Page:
The Dinosaur Whisperer and the Ice Queen

Jurassic World is a Fun But Flawed Thrill Ride.

There's a priceless exchange in Jurassic Park 2 (The Lost World) where park visionary John Hammond proudly - if naively - proclaims that he learned his lesson after the first park's disastrous failure. "Don't worry. I'm not making the same mistakes again."

Twenty years after the events in the original film, John Hammond's vision is finally a reality: Jurassic World. The events of the first three films are integral to the plot, but this new generation of dino-keepers hasn't learned a darn thing. They're bound and determined to make all the same mistakes as their predecessors.

Insufficient safety measures? Check. DNA splicing gone awry? Check. Park investors blinded by the bottom line? Check. Unsupervised children put in peril? Check.

It makes for a fun thrill ride, but I frequently found myself wishing someone would smack some sense into these people.

3D in all the Wrong Places

The special effects are amazing, the dinosaurs are cool, the dialogue is witty and the pacing is perfect. Unfortunately, the characters all so one-dimensional you feel like they might blow over in a stiff breeze.

Owen, the movie's hero, is in charge of an experimental Velociraptor training program. Played by hunky Chris Pratt, he struts his way through the movie telling everyone things they really should have the sense to realize on their own. Naturally, none of them listen. He's fun but shallow.

Raptors

Claire, played by Bryce Dallas-Howard, is the park's administrator. Aloof and arrogant, she's too busy counting pennies and wooing corporate sponsors to give her visiting nephews the time of day - that is, until they're in danger of becoming dinosaur bait.

The other characters are largely forgettable.

Unintentionally Sexist?

Before the movie even premiered, it was drawing criticism for being sexist in its portrayal of Claire. Director Colin Trevorrow defended the film, making it clear that he intended Clarie to be a strong female character. But is she really?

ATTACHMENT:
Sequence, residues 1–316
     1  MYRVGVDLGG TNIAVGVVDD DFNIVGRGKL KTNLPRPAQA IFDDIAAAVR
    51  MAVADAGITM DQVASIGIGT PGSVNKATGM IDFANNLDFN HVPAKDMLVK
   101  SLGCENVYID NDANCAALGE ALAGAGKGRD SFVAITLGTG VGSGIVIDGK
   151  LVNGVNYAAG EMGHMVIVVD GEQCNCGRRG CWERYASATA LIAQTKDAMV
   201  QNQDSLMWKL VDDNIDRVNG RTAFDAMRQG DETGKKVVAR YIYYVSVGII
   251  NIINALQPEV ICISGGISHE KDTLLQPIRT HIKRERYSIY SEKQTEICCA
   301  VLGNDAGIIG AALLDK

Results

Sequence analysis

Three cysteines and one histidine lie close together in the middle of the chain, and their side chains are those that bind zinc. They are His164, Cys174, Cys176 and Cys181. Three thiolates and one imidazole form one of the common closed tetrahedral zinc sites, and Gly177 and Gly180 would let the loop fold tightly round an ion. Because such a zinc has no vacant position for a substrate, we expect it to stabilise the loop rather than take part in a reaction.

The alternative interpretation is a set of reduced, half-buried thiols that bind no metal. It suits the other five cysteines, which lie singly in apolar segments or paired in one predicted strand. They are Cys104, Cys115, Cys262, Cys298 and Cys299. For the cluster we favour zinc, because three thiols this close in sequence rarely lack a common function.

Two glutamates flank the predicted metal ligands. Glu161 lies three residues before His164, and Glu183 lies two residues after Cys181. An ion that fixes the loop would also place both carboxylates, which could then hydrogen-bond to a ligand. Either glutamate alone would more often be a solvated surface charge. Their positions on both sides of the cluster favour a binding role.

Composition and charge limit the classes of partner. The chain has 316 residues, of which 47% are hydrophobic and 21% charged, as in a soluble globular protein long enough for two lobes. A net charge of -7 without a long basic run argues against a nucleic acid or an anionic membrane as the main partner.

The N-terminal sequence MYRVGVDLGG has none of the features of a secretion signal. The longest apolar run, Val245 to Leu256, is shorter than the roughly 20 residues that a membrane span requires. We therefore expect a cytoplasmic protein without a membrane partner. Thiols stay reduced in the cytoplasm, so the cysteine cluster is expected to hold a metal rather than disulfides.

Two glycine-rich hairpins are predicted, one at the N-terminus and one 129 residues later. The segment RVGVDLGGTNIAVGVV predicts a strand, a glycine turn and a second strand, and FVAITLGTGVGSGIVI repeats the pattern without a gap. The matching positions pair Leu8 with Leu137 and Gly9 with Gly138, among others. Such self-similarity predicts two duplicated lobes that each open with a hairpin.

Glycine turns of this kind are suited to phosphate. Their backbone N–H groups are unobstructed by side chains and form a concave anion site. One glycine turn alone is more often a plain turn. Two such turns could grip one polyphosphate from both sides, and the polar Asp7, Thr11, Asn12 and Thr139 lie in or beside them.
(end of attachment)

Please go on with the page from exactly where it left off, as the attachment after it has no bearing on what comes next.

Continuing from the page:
Claire is a one-note character - an almost verbatim embodiment of the defrosting ice queen trope. Now, tropes aren't inherently evil. As the TV Tropes article says, it can be "wish fulfillment for both men or women". But many view that particular trope as being inherently sexist, since the woman changes because of the man.

In the beginning of the movie, Claire comes across as capable in the business world but cold and disconnected from the people around her. She can't remember her newphews' ages; she leaves her assistant to pick them up instead of welcoming them herself; she refers to the dinosaurs as "assets" rather than acknowledging that they're animals. In short, she's a jerk.

I truly don't mind the story arc of a woman who needs to realize she's a jerk and alter her priorities. That shows growth. What I take exception to is the movie's (apparent) message that what this competent career woman really needs is a hot guy and a couple of kids to thaw her frozen heart.

So the question then becomes: Can a strong character emerge from a lazy, stereotypical, sexist story arc?

For me the answer is a lukewarm 'yes'.

By the end of the movie, Claire has grown into a decent human being and found her inner badass. She's risked her life for her nephews and done her part to save the day. She's not perfect (not by a long shot) and her growth came (in part) for the wrong reasons, but where you end up is more important than where you started.

Still, it's a disappointment in a franchise that gave us Ellie Sattler, an undeniably-awesome feminist action hero.

The Real Stars

In the end, though, the paper-thin human characters and sexist controversy almost don't matter, because the real stars of Jurassic World are the dinosaurs.

The Indominus Rex is a worthy foe - crafty and scary. Owen's Raptors show more personality than their human counterparts, and the Mosasaurus (the giant crocodile-like creature featured in the trailer) totally steals the show. The final showdown at the end was itself worth the price of admission.

As Kyle Smith of the New York Post writes:

"Motorcycle, Chris Pratt, sprinting dinosaurs: If you require more than that out of a movie, you’re being unreasonable."

I wouldn't go so far as to say unreasonable, but personally? That's enough for me. Just check your brain at the door and bring a lot of popcorn.

All photos from Universal.

Ratings

  • Princess Power: 3 Stars
  • Overall: 4 Stars
  • Bechdel Test: Fail

Learn about my Ratings System.

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Mom. Writer. Gamer. Geek.
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